3. Dot-com bubble 2000 – 2002
The late 1990s was a period of growth for several new tech companies, including Google, Amazon (NASDAQ: AMZN), and Yahoo!, as the broader adoption of the Internet drove market growth. The S&P 500 surged by over 400% but crashed in March 2000 when S&P 500 decreased 49%, recovering in 2002.
Positive investor sentiment and over-speculation drove prices so high they were no longer justified. As investors kept buying into stocks in dot-com companies, supply started to overtake the demand. More businesses decided to go public, often without a proper plan, yet still lured investors to unprofitable companies.
The dot-com bubble market crash S&P 500 stock market index is on the chart below.
4. The Financial Crisis of 2007 – 2009
The global financial crisis of 2007 to 2008 was the most severe bear market after the Great Depression, driven by the housing crisis and excessive risk-taking by financial institutions. The crash culminated with the bankruptcy of the Lehman Brothers in September 2008, creating a worldwide banking crisis.
These events led to the S&P 500 losing about 50%, but the market started increasing again in 2009 and entered a bull run that ended in February 2020.
5. The Covid-19 pandemic crash 2020
A bear market often occurs just before or after the economy starts to decline, but it could also be driven by political events like wars, or in the most recent case, a pandemic.
The longest-ever bull market run started in 2009 after the financial crisis ended abruptly in February 2020, driven by the global Covid-19 pandemic. Stock markets plummeted suddenly over the course of a few weeks and entered a bear market.
The S&P 500 stock index dropped 51% between the 18th of February and 23rd of March, in line with the shortest ever recorded recession when Covid-19 lockdowns contracted the GDP by 31%, worse than during the Great Depression.
However, the economy and the stock markets made a speedy recovery, and by Q3 2021, the GDP growth was back at 2%. The S&P 500 stock index also entered a growth phase again at the end of March, amid the announcement of successful Pfizer (NYSE: PFE) vaccine trials. Since then, prices have reached an overall high and entered a bull market again.
Bear market investing strategies
Due to the long decline in prices during bear markets, it is common for investors to adapt and start changing their investing strategies. For example, capitalizing on assets or bonds rather than stocks can be more stable and have better returns during bear markets.
A few things to note about investing in bear markets:
- Prepare by adapting the portfolio to reduce risk, such as lowering the number of high-risk stocks and increasing the number of assets, commodities, or bonds that may perform better during bear markets.
- Select mutual funds or bonds, such as gold funds or consumer staples – during down markets, individual bonds are safer than bond funds, as they have fixed interest rates payments.
- Don’t panic and sell stocks prematurely or all at once. Take a step back and evaluate to see which ones are more likely to recover and which ones are looking at a long-term decline. If you decide to sell, think about getting rid of around 5% – 10% at one time and see how things develop.
- Stick to safe bets or staples, for example, healthcare. Companies that have survived or even grown during previous downturns are more likely to hold their value this time around.
- Capitalize on low-priced stocks that are likely to increase in value once a bear market phase is over. But don’t overdo it and get too risky – pay attention to which stocks are likely to bring a good return on investment and which ones are low in value for a reason.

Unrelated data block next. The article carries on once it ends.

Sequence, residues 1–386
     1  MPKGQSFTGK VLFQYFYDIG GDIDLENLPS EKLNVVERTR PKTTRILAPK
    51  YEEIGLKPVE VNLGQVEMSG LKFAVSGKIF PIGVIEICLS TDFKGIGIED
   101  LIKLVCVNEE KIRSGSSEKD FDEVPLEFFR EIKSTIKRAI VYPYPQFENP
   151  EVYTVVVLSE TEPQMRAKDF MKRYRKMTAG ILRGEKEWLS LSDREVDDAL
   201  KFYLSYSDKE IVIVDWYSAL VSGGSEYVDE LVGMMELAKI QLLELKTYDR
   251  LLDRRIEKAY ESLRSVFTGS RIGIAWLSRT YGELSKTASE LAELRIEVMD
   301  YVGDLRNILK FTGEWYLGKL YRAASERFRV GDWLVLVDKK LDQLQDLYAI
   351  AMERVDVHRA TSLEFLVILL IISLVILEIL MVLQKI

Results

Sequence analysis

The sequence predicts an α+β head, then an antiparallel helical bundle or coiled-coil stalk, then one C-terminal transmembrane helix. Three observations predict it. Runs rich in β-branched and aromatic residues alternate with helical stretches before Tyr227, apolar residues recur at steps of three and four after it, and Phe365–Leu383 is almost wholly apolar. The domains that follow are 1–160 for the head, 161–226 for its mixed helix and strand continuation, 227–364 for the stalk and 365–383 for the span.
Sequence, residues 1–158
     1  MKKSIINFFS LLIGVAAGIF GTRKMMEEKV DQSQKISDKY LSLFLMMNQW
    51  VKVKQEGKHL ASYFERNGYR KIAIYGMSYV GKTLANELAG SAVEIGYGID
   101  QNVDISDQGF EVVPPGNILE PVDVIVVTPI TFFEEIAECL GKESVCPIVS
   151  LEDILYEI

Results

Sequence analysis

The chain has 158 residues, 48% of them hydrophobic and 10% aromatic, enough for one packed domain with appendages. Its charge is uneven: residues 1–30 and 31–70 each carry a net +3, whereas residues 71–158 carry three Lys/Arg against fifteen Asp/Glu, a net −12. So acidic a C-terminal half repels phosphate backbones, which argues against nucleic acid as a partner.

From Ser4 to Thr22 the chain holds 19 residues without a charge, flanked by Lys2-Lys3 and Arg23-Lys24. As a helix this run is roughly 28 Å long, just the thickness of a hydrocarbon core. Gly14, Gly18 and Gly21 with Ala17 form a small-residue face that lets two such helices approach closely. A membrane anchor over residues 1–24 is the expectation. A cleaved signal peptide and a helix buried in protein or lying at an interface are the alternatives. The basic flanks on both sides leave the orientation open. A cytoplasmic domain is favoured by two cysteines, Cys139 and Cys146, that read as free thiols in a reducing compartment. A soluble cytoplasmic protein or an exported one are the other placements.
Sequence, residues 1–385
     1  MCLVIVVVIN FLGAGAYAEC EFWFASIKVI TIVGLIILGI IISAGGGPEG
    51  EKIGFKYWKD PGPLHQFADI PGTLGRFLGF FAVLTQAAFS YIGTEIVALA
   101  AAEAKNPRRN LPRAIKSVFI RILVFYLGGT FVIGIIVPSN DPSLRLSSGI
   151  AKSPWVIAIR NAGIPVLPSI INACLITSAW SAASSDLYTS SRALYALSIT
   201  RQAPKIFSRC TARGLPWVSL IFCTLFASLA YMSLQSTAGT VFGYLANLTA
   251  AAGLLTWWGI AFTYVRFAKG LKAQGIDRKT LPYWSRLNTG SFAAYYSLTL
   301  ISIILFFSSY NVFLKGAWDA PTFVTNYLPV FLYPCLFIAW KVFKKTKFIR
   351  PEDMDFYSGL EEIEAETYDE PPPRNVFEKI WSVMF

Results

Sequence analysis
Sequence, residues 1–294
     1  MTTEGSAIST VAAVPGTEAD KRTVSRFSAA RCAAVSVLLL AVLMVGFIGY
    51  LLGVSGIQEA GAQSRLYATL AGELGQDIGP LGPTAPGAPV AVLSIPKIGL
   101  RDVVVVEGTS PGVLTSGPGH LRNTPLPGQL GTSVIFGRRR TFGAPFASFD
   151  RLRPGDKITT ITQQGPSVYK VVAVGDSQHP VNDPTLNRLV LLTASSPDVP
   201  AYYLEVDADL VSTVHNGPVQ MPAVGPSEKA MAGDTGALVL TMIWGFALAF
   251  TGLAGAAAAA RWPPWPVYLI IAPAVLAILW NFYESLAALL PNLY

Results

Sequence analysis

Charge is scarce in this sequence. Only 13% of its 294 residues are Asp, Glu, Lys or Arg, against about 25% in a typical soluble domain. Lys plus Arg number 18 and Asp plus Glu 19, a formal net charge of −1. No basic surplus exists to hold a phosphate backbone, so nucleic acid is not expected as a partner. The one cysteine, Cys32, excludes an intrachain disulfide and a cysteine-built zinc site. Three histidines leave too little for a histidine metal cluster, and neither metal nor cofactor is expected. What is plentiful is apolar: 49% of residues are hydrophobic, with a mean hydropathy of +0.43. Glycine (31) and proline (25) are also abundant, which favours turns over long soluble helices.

No one can precisely predict when we are about to enter a bear market, but there are several tell-tale signs to keep an eye on. Instead of speculating and predicting what will happen in the market in the future, try to ensure an optimal and well-balanced portfolio.
Diversify your portfolio, and ensure you only invest the money you can manage without for the next few years. This way, you don’t have to sell and can ride a bear market out until markets increase and improve again. It is hard to predict the patterns and what can happen in the future, as the sudden onset of the Covid-19 pandemic proved to us.
But through understanding the market trends and general main economic influences, one can better know where to invest, when to invest, and how much to invest. Bearish and bullish behavior reflects how much is also dependent on investor sentiment as if some people begin selling, others will follow.
Finally, create a solid financial plan and de-risk your portfolio to manage your investments better. It will help avoid making any bad decisions based on emotions or taking unreasonable risks based on your fear that the stock market will crash.
What does the term bear market mean?
When the price of a market continues to decline for a lengthy period of time, the market is considered to be in a bear market. It is often used to describe a scenario in which the price of assets has fallen by at least 20% from recent highs as a consequence of a lack of investor confidence. It is also possible for bear markets to develop in combination with larger economic downturns, such as a recession.
What are some examples of a bear market?
The Great Depression was the first and most well-known bear market in history. Other instances include the dot-com bubble of 2000 and the housing crisis of 2007–2008.
How do I protect myself against a bear market?
When the market enters a bear market, having a well-balanced portfolio is one of the most effective ways to preserve your investments. You should have some rising stocks in your portfolio that you can profit from and reinvest into more conservative assets such as government bonds, gold, or exchange-traded funds (ETFs) based on your risk tolerance and investment objectives.
How to predict when a bear market will start?
Interest rates are one of the most dependable indications when it comes to identifying whether or not a bear market is about to break out. In any case, when the Federal Reserve lowers interest rates in response to a slowing economy, it is a strong indicator that the market may be on the verge of entering a bear market shortly thereafter. However, there are other instances in which a bear market begins even before interest rates are reduced.